source_processes = [
    make_process(
        compute_func=f,
        in_stream_names=['e', 'n', 'z'],
        out_stream_names=['out'],
        connect_sources=[
            (direction,
             source_sensor_direction[sensor_name][direction])
            for direction in ['e', 'n', 'z']])
    for sensor_name in sensors.keys()]

The process computes its input data using function f. We call the input stream names ‘e’, ‘n’ and ‘z’. We call the output steam name ‘out’. We specify the connections of sources to the input streams of f by connect_sources which is a list of pairs: (stream name, source), which for a sensor called ‘S1’ would be:

[('e', source_sensor_direction['S1']['e']), 
 ('n', source_sensor_direction['S1']['n']), 
 ('z', source_sensor_direction['S1']['z'])]

the aggregation process

The aggregation process computes its input data using function g. We call its input streams ‘in_0’, ‘in_1’, ‘in_2’… The aggregation process has no output streams. It has no sources and so connect_sources is the empty list.

aggregation_process = make_process(
    compute_func=g,
    in_stream_names=[
      'in_'+ str(i) for i in range(len(sensors))],
    out_stream_names=[],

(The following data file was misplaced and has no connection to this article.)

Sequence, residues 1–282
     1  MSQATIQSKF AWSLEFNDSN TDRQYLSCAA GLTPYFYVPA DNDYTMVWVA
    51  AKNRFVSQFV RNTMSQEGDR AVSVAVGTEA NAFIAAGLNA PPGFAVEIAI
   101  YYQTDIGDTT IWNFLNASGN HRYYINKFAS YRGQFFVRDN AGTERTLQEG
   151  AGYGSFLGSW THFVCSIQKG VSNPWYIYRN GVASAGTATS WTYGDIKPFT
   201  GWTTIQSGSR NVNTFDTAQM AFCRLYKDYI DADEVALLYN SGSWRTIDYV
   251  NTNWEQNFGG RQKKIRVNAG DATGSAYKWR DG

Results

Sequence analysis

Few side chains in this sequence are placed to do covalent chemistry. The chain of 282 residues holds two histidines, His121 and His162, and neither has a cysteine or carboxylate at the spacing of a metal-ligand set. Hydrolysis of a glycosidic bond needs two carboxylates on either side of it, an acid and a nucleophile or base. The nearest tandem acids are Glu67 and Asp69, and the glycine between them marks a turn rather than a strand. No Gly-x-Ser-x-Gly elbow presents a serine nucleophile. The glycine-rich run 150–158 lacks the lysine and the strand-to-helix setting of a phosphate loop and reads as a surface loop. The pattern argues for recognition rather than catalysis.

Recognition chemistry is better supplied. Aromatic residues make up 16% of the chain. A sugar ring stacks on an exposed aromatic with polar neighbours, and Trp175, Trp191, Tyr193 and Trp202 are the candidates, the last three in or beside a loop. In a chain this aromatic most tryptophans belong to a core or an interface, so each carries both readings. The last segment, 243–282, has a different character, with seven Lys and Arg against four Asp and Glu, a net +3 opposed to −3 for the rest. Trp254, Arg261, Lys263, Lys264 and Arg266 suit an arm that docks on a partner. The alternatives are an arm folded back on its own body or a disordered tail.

connect_sources=[])

Running the multiprocess application

Next, we specify the connections between processes. The function f in a source process has an output stream called ‘out’. We connect the output stream of the j-th source process to the input stream ‘in_j’ of the aggregation stream. A connection is a list with four elements: (1) the sending process , (2) the name of an output stream of the sending process, (3) a receiving process, and (4) the name of an input stream of the receiving process. For example a connection [p, ‘out’, q, ‘in’] says that the output stream called ‘out’ in process p is the input stream called ‘in’ in process q. The list of connections in this example is:

    connections = [
        (source_processes[i],  'out',
         aggregation_process, 'in_'+str(i))
        for i in range(len(sensors))])

The processes in the application are the source processes and the aggregation process. We run the multiprocess application with the following code:

run_multiprocess(
    processes=source_processes + [aggregation_process],
    connections = [
        (source_processes[i],  'out',
         aggregation_process, 'in_'+str(i))
        for i in range(len(sensors))])

Computer Science Course Examples

Prime Numbers

see IoTPy/examples/Basic_CS/prime_number_sieve

UNITY

see IoTPy/examples/UNITY/simple_shared_variables

distributed systems algorithms

see IoTPy/examples/DistributedSystemsAlgorithms/Paxos.py

Written by Juliette Xiong, undergraduate student at Caltech.

Single process programs

see:

  • IoTPy/examples/single_process_examples/single_process_examples.py

  • IoTPy/examples/Twitter/twitter.py

  • IoTPy/examples/timing/timing.py